Friday, February 20, 2009


I had an epiphany today. I figured out what I want to do. I want to be a comic editor.

One of my morning reads linked to this post over at Kung Fu Monkey. From there, I perused its predecessor. Later on, I found this article elsewhere.

I love comics and graphic novels and, without having to serve as a pivotal basis of original content generation (e.g., the literal art or story), it seems like a comic editor fits an interesting role. Part management, part creator, part overseer.

I also feel like some of the skills I've learned from my past 3 years as a patent agent could come to bear. Often times I need to coordinate with inventors in order to discuss their thoughts on my interpretation of their work. There's quite a bit of organization and juggling required, not to mention deadlines and the like. Plus a fair amount of writing, editing and reviewing. I'm not sure yet what the pitch will sound like but I think I could make it work.

It intrigues me. I'll have to look into it more, learn what I can, see what I see. For the moment, it's an idea, a possible direction, something to explore. So we shall see.

Sunday, February 08, 2009


Stories bring things to life. My favorite purchases, my favorite pictures, my favorite memories - all are intertwined with a story.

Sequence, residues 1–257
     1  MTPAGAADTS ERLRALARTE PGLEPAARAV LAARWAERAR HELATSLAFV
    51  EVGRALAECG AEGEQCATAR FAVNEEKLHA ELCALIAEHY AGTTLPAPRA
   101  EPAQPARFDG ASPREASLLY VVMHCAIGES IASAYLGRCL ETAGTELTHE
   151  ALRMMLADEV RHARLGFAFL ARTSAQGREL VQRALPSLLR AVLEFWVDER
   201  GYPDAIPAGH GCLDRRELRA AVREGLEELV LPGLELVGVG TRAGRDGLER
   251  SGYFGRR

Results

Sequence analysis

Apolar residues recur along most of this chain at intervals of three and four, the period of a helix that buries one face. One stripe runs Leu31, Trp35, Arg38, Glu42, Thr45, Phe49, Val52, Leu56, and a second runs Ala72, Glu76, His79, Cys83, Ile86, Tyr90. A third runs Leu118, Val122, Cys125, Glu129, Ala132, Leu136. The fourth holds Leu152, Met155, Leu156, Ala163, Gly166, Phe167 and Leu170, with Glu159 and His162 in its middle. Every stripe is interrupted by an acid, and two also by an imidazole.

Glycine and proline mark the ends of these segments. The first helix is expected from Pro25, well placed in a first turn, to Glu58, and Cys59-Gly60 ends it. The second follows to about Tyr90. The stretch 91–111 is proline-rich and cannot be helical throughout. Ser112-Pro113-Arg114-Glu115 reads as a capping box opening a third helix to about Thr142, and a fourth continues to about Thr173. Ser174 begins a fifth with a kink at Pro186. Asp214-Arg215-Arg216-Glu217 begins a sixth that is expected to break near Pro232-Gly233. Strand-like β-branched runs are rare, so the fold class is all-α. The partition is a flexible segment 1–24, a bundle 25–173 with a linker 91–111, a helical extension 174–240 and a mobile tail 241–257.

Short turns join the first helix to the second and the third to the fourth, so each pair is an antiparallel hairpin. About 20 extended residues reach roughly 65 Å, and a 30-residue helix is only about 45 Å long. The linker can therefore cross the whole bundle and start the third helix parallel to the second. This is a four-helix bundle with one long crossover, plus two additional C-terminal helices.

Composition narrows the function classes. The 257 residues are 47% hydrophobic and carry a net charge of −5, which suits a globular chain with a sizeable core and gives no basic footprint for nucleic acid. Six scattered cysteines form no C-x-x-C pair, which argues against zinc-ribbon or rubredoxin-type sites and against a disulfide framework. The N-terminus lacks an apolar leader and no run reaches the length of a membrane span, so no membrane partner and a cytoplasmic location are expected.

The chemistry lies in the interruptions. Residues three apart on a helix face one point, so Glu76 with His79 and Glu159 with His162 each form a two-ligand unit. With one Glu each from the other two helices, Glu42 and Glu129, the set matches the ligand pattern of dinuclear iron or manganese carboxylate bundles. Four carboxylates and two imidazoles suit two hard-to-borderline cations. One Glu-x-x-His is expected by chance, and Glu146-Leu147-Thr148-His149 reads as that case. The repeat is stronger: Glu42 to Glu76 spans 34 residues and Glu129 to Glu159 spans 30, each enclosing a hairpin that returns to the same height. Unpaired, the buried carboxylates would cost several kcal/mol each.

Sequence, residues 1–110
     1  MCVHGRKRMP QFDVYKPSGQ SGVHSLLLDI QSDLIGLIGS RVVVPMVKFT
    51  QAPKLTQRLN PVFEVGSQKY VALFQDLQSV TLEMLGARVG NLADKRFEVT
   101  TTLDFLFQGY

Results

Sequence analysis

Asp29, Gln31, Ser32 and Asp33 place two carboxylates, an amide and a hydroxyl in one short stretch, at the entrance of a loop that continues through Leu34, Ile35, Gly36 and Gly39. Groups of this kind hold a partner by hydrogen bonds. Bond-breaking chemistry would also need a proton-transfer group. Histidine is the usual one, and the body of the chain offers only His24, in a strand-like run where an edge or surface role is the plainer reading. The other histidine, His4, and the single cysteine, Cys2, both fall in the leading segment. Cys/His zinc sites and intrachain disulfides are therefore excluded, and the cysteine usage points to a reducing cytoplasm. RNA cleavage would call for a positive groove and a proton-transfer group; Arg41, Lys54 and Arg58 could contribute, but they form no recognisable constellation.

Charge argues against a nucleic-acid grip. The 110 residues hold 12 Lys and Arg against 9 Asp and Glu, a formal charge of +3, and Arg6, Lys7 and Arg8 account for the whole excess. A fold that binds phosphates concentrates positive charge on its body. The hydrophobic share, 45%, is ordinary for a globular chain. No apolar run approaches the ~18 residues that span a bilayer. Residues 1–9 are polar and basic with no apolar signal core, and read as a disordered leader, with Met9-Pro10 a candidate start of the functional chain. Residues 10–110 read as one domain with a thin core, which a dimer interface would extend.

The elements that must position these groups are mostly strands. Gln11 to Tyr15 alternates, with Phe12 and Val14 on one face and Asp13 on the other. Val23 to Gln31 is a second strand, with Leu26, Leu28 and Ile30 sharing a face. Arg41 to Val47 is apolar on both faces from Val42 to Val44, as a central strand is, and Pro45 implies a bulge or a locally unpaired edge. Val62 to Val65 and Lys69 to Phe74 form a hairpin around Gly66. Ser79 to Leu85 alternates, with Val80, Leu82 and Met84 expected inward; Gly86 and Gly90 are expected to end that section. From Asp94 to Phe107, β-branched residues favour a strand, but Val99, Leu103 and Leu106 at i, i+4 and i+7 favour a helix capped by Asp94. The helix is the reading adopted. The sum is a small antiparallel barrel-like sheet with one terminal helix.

I went to NY Comic Con yesterday with a friend/co-worker. I purchased quite a few things including: an original sketch by Ben Templesmith (sketch is of Medusa from Wormwood and, I believe, was a random sketch not used for anything in particular), also some signed comics from Mr. Templesmith (he drew a heart on each cover - kind of neat to see a little personalization with the signature), a limited edition signed print from Greg Horn (it's the '09 NY Comic Con Lithograph of Phoenix, limited to 100 pcs), and a limited edition set of Dawn prints by Joseph Michael Linsner (Dawn and the seven deadly sins, celebrating 20 years of Dawn, limited to 2000 sets, Linsner signed each of the eights prints for me).